Guest Post by Nancy
I began to write this in the days before what should be my son Wyatt’s fifth birthday. I know a lot after losing two children— a daughter then a son, during labor, both to cord accidents at full term. I know a lot I wish I didn’t know. I know that I’ll keep walking and breathing somehow, and I’ll be thankful for the love and joy we do have. But as Wyatt’s day approached this year, I found myself aching and crying in new ways. Because, while grief for a child does get easier to walk with in time, nothing prepared me last year for how hard the fifth birthday year without our daughter Meg would be.
I walk through a fifth year again with an odd emotion, familiar despair, somewhat like I felt at the news of a second stillbirth.
As what should be Meg and Wyatt’s birthdays approached in the first years, my knees buckled slightly less quickly each passing year. I was better at escaping to a safe spot to cry rather than bursting into tears out of my control. I also learned quickly in the first anniversaries that I’d feel “off” as that date approached. That I’d feel it in my heart, in my body, before my head registered the date. Sort of like a craptastic Epiphany. (“What’s wrong with me? Oh… yeah, it’s January again….”) But as each year got easier, I got hopeful. And then came five– surprisingly worse, closer to the pain of the first year. My excellent friend Kirstan, another mom who knows infant loss, said it well: “Five feels like it’s happening all over again.”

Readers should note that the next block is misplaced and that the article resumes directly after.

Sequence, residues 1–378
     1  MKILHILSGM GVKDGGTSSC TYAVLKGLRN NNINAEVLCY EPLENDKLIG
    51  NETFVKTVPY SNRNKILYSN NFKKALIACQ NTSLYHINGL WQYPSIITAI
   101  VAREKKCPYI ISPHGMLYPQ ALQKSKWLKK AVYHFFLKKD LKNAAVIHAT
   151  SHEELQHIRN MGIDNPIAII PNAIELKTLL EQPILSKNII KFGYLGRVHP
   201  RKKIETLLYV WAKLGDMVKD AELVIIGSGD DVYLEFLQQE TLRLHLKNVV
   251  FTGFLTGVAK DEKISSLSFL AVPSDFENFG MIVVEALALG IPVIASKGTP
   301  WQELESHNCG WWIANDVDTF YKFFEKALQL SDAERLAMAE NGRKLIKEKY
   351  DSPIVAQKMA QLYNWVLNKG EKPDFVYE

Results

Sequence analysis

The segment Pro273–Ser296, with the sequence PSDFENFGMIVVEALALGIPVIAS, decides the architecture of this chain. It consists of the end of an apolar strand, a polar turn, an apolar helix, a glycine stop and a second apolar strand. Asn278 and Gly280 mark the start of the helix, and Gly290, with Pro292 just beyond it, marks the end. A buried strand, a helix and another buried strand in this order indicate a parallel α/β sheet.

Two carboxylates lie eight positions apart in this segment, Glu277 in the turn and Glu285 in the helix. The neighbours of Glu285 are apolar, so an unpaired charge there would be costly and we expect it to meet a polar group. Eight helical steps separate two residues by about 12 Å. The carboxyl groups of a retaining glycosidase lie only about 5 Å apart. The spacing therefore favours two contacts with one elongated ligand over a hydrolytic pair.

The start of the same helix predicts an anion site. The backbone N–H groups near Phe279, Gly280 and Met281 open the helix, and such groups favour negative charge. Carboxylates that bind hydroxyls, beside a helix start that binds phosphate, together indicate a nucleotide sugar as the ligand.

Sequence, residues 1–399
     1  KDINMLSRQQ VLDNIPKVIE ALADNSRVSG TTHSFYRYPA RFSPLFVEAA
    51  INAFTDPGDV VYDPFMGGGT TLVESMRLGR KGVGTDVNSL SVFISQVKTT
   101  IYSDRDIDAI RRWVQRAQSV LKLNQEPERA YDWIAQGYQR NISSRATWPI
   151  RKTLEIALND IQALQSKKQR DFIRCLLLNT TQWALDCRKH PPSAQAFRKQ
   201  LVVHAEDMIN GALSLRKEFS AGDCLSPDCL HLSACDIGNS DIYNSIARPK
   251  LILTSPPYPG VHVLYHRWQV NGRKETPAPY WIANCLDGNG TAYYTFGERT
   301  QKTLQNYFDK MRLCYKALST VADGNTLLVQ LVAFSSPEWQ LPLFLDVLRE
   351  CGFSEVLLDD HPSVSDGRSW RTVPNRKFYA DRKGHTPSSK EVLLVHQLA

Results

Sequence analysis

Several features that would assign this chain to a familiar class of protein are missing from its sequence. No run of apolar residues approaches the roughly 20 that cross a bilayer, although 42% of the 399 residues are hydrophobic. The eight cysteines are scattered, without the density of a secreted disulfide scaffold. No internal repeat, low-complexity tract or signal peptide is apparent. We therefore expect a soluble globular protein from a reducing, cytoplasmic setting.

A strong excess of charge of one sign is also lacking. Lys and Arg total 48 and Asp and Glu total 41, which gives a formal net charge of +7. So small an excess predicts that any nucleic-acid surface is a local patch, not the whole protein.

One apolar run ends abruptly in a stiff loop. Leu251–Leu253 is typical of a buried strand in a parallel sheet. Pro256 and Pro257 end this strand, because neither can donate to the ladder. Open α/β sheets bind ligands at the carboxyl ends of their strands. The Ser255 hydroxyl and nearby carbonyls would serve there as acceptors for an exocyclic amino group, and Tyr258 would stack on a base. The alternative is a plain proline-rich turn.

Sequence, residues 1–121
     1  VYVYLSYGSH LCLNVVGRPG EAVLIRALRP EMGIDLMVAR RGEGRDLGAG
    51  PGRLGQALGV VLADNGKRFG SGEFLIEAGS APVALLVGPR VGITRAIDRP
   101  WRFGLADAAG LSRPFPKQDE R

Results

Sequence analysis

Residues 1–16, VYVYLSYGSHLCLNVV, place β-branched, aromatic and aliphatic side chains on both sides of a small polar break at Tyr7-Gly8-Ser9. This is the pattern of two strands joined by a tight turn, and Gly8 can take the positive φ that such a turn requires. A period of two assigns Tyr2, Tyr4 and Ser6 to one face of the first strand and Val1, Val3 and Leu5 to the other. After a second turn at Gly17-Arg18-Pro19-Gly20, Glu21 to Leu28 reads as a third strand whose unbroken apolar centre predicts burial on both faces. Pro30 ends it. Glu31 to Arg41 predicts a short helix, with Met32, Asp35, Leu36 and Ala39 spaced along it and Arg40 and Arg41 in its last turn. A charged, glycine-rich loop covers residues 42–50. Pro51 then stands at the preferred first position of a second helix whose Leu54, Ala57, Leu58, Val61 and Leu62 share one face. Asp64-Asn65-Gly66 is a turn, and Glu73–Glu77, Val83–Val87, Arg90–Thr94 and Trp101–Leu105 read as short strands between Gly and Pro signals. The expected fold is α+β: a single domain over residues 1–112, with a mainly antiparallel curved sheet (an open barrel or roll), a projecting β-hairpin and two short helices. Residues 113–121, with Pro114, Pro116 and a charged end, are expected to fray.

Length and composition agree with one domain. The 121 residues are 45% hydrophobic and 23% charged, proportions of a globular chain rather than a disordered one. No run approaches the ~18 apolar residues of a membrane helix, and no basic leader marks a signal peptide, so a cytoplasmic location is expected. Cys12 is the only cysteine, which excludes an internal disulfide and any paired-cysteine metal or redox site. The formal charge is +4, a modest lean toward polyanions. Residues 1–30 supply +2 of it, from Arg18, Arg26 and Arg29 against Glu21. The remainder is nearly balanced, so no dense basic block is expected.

But why is five so different? Because it’s bigger? Technically, of course, it IS a larger number. But so is six, and that didn’t hit as hard. I don’t have a good answer here. Part of it for me seems to be the big milestone of kindergarten. I was (and still am) a bit of a schoolie. Okay, frankly I’m a full blown academic type nerd. I even became a professor, for heaven’s sake, so I still measure my life in academic years. My big sister was five years older than I am, so my toddler years were spent in carpool lines and visiting the “big kids” classroom. I could not WAIT to go to kindergarten. And I loved it. Is it the “my child should be doing what I loved” thought that made this hurt so? Maybe partly. But nerd or not, all parents seem to feel this as a major milestone. Schools around here even have “boo-hoo breakfasts” [I did not make that up] where weeping moms can go after drop-off the first day. Maybe five hurts because it’s expected to be a big emotional deal, loss or not.
Maybe five also feels harder when you’ve lost because of the Facebook era, the age of “my baby is growing up” posts. Certainly I was as guilty of such posts as any other mom as my oldest started school. Kindergarten preview day in spring? Status update. Pictures of the first day? Posted. Update after school? Posted. Liked by many, shared by grandparents–it’s what we do nowadays.
And what you don’t get to do when your child is gone. I remember the sting last year as friends posted about their children, all the age Meg would be. Meg should be at beginner’s day. Meg should be standing next to her big sister for a first day of school picture. These posts should be my posts. Yet beyond what’s not on Facebook, there was something palpable that first day of school, as my oldest daughter started second grade.